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Wally Schnalle
Key Rhyme Pie: Wally Schnalle sets the groove on his new album, 'Why Do They Call You That?'



A fresh approach fuels local drummer Wally Schnalle's new CD

By Nicky Baxter

SAN JOSE drummer Wally Schnalle's sophomore CD, Why Do They Call You That? (Retlaw), abounds in sizzling rhythms--rhythms from South America, from Cuba, from Africa. Unlike the 40-year-old drummer's fusionesque first CD, Wally Schnalle [It Rhymes], this one is undiluted by commercial considerations. What could be more "jazz" than two horns, bass, piano and drums blowing off steamy boppish riffs?

"This album," Schnalle says, "is in part a reaction to the way we did the previous album. We just went in, and it was two days of nonstop playing." The freshness of that approach is evident on most of the album's nine compositions. "181 North 1st" sets the pace with staccato calling cards from tenor saxophonist Dann Zinn and trumpeter John Worley, followed by Murray Low's nimble-fingered piano flourishes.

Bassist Tom Bockhold maintains the beat, allowing Schnalle to soar off in a multitude of directions. But just as it appears that the song is pure bop, the quintet heads off to Latin America. On the tune's coda, the players up the ante considerably. After a couple of choruses of unison blowing, the sax and trumpet split to make their own concluding statements. Behind and around them, Schnalle goads the groove into overdrive.

Named after a five-cornered intersection near his home, "Monument" is another Schnalle composition swathed in vivid South American raiments. Though derived from the African/Cuban clave rhythm, the drummer puts a different spin on the beat, revving it up from a 4/4 pattern to 10/4.

"Monument" is one of several cuts displaying Schnalle's expanding musical palette. The ebb and flow of energy, the way in which Schnalle's clicking stickwork plays off Low's stabbing keyboard work and the Tijuana blue horns all contribute equally to the track's zesty insouciance.

SCHNALLE, a graduate of San Jose State University's jazz performance program who has worked with a remarkably variegated assortment of musical ensembles, from hip-hoppers 10 Bass T to post-Coltrane saxophonist Francis Wong, requires little prodding when asked to list his favorite tracks: "I really enjoyed recording 'Pink Catawba' and 'It Should Have Been.' The energy level on those tunes was just incredible."

True enough, both songs merit special attention. The former coasts along on a mobile bass pattern, cool-style horn play and some swinging drums, while the latter is moodier, again boasting exemplary bass work by Bockhold.

In terms of sheer kineticism, however, "Kwaku" struts away with the prize. The song finds the quintet investigating jazz's heartbeats. Wisely, Schnalle eschews the jungular "ooga-booga boo-boo" stereotype, ferreting out instead the nuanced and multifaceted rhythms and implied melodies that characterize authentic West African music. Murray Low's piano approximates the sound of a Nigerian chant with extraordinary precision, while Bockhold's bass playing is positively buoyant, skipping along like a schoolboy on his way to the playground.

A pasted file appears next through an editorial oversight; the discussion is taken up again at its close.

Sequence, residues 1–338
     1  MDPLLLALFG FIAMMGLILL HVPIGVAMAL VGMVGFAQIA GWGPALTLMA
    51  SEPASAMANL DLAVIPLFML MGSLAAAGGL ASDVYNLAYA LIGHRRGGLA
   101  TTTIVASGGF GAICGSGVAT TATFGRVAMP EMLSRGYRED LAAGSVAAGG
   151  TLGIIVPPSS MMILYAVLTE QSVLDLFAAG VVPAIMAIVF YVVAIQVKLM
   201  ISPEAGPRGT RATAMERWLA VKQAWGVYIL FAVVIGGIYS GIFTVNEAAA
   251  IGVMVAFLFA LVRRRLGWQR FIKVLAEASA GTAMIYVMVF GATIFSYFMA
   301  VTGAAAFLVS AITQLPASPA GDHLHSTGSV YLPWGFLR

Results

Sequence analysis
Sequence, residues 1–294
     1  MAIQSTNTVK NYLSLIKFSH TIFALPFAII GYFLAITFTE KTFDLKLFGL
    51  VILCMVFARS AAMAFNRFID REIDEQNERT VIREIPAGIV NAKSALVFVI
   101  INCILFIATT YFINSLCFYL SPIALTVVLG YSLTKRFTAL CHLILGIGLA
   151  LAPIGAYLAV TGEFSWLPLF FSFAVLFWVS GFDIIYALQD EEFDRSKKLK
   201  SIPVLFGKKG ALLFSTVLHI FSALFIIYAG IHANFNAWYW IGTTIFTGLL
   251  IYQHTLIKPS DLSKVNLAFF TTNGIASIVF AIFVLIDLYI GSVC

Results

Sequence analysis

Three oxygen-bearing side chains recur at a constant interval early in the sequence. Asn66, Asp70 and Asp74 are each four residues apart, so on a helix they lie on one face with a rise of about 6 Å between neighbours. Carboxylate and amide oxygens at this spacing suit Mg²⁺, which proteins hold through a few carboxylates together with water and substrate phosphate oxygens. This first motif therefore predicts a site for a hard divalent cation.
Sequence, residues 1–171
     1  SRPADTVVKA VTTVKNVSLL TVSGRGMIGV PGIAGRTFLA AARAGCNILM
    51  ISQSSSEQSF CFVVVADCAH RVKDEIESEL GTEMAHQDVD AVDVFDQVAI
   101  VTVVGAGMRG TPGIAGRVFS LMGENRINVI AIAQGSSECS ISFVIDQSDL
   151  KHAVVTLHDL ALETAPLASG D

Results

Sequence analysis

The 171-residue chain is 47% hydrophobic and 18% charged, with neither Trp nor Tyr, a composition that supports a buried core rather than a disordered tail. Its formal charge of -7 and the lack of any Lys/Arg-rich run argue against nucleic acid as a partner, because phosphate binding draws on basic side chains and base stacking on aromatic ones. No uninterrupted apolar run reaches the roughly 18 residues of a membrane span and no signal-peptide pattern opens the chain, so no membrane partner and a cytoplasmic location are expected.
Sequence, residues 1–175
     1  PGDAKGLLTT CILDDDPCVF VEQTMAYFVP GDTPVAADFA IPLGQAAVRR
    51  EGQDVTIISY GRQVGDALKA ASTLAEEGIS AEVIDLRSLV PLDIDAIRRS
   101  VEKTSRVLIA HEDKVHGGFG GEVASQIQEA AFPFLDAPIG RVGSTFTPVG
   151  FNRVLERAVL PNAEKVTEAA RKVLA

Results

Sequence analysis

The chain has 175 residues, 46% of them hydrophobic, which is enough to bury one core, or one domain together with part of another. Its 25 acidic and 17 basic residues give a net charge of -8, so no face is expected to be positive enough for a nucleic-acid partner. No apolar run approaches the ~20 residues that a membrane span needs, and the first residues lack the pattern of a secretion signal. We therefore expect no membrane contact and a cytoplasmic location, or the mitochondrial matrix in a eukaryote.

"A master drummer named Kwaku Dadey was showing me a rhythm pattern," says Schnalle, who admits to being baffled by the black beat. "The first time he played it for me, I didn't get it; I thought it was just repetitious. Later, though, it all fell in place. What he was playing wasn't just music, it was an actual language. That particular piece was either about a wrestling match or the village being in good spirits, I think."

Ironically, while the relatively accessible first album would appear likelier to garner radio exposure, the more adventurous Why has outpaced its predecessor, gaining admittance to the vaunted Gavin jazz charts. According to Schnalle, "some radio programmers I've spoken to have said this album isn't radio-friendly, but I'm pleased that [the current project] is doing so well."

The amiable skinsman is itching to test-drive the new tunes before folks who like their bop hot. "All of the rehearsing, recording and promotion are in support of those rare moments when you have great musicians playing great compositions to an appreciative audience--it's all in pursuit of that."


Wally Schnalle performs Friday (Oct. 10) at 9pm at Gordon Biersch, 33 E. San Fernando St., San Jose. No cover. (408/294-6785)

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From the Oct. 9-15, 1997 issue of Metro.

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